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Bhutan Forest Figures

Forest Cover
Total forest area: 3,195,000 ha
% of land area: 68%

Primary forest cover: 413,000 ha
% of land area: 8.8%
% total forest area: 12.9%

Deforestation Rates, 2000-2005
Annual change in forest cover: 10,800 ha
Annual reforestation rate: 0.3%
Change in defor. rate since '90s: -1.6%
Total forest loss since 1990: 160,000 ha
Total forest loss since 1990:5.3%

Primary or "Old-growth" forests
Annual loss of primary forests: n/a
Annual deforestation rate: n/a
Change in deforestation rate since '90s: n/a
Primary forest loss since 1990: n/a
Primary forest loss since 1990:0.0%

Forest Classification
Public: 100%
Private: n/a
Other: n/a
Production: 15.9%
Protection: 45.8%
Conservation: 27.2%
Social services: n/a
Multiple purpose: n/a
None or unknown: 11.1

Forest Area Breakdown
Total area: 3,195,000 ha
Primary: 413,000 ha
Modified natural: 2,529,000 ha
Semi-natural: 251,000 ha
Production plantation: 2,000 ha
Production plantation: n/a

Plantations, 2005: 2,000 ha
% of total forest cover: 0.1%
Annual change rate (00-05): 200,000 ha

Carbon storage
Above-ground biomass: 503 M t
Below-ground biomass: 187 M t

Area annually affected by
Fire: 8,000 ha
Insects: n/a
Diseases: n/a

Number of tree species in IUCN red list
Number of native tree species: 105
Critically endangered: 1
Endangered: 2
Vulnerable: 4

Wood removal 2005
Industrial roundwood: 207,000 m3 o.b.
Wood fuel: 70,000 m3 o.b.

Value of forest products, 2005
Industrial roundwood: $6,383,000
Wood fuel: $21,000
Non-wood forest products (NWFPs): $27,000
Total Value: $6,431,000

More forest statistics for Bhutan

The Himalayan kingdom of Bhutan is home to between 900,000 and 2,100,000 people (depending on whom you ask) who are among the poorest in Asia. About 80 percent of the country's population is sustained by subsistence agriculture, while Bhutan's main export is electricity (to India). Bhutan is increasingly relying on high-end tourism for bringing in revenue (visitors are charged a minimum of $200 a day, which is shared between the government and private travel companies). Currently less than 10,000 visit Bhutan each year, although there is no longer a cap on the number of foreigners allowed to visit the country.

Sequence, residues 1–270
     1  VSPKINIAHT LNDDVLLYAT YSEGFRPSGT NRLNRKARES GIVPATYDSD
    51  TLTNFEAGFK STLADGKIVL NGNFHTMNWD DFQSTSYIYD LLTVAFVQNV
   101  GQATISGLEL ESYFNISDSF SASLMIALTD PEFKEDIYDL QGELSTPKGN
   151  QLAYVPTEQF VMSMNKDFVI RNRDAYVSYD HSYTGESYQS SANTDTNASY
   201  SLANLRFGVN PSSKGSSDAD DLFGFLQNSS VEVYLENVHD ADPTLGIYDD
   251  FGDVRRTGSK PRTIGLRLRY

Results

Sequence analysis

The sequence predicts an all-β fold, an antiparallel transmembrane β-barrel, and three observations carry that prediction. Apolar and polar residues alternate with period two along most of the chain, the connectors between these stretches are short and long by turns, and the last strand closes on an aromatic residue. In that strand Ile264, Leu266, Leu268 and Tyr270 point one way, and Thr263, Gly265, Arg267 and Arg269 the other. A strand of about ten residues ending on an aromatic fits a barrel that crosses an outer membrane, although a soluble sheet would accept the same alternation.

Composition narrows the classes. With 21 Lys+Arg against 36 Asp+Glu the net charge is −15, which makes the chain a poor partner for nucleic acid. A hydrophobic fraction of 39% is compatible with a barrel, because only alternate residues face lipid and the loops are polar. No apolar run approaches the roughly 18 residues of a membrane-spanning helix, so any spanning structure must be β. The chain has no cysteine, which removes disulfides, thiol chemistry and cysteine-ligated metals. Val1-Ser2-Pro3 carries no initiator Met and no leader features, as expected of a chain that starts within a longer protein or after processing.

Its low population and lack of arable land (estimated at 4-16 percent of the country) mean that Bhutan has a relatively intact environment. Around 70 percent of the country is forested and Conservation International lists it as one of the world's biological hotspots. However, with rising lumber prices, there is concern that its forests will face increasing pressure. Additionally, a significant proportion of the population relies on forests for fuelwood collection and construction material, so as the country grows so will the impact on the Bhutan's environment. Realizing that there could be problems in the future, the government passed a law requiring that 60 percent of the country remain forested in perpetuity.

The royal government of Bhutan has a tight grip over its citizens and in late 2004 Bhutan became the first country to ban tobacco. The government sets rules on what people can wear in certain places; a long shawl, for example, must be worn when visiting government offices or temples.

Further threats to Bhutan's national forests come from livestock grazing, road-building, and subsistence agriculture.

Oddly, in the eastern part of the country Sakteng Wildlife Sanctuary protects 650 sq km of temperate forests, mostly pine and rhododendron. The park was established specifically to protect the presumed habitat of the yeti, better known as "Bigfoot" or "Sasquatch" in other parts of the world. Overall more than 30 percent of Bhutan is officially protected. The country is home to 5,468 species of plants, 625 birds, 2 amphibians, 92 reptiles, and 29 species of mammals—although the jury is still out on the existence of the yeti.

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Last updated: 4 Feb 2006